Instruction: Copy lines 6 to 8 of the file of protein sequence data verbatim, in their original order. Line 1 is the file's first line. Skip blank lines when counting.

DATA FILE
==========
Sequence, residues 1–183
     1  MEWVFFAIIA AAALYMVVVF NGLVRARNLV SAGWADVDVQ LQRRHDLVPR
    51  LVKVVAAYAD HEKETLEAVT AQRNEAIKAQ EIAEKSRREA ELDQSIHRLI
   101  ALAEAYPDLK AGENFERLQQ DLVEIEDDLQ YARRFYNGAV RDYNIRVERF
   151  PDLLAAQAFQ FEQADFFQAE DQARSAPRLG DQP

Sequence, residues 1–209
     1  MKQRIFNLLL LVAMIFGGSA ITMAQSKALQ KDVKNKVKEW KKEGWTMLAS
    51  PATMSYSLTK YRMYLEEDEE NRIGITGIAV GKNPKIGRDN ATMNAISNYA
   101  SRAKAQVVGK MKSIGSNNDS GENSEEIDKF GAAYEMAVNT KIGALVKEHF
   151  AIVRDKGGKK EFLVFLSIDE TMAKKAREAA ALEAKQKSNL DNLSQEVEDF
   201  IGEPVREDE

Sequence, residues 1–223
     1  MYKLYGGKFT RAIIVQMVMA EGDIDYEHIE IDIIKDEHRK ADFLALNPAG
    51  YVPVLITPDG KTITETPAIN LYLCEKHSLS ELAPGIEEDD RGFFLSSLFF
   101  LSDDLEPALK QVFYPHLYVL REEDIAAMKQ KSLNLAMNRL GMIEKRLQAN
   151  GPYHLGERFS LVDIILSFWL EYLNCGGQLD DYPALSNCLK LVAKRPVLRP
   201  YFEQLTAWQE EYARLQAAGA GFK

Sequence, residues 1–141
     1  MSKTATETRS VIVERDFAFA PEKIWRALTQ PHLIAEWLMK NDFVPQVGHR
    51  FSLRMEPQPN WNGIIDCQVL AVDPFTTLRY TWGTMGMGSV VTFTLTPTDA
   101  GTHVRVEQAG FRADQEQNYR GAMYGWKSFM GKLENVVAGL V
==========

Sequence, residues 1–209
     1  MKQRIFNLLL LVAMIFGGSA ITMAQSKALQ KDVKNKVKEW KKEGWTMLAS
    51  PATMSYSLTK YRMYLEEDEE NRIGITGIAV GKNPKIGRDN ATMNAISNYA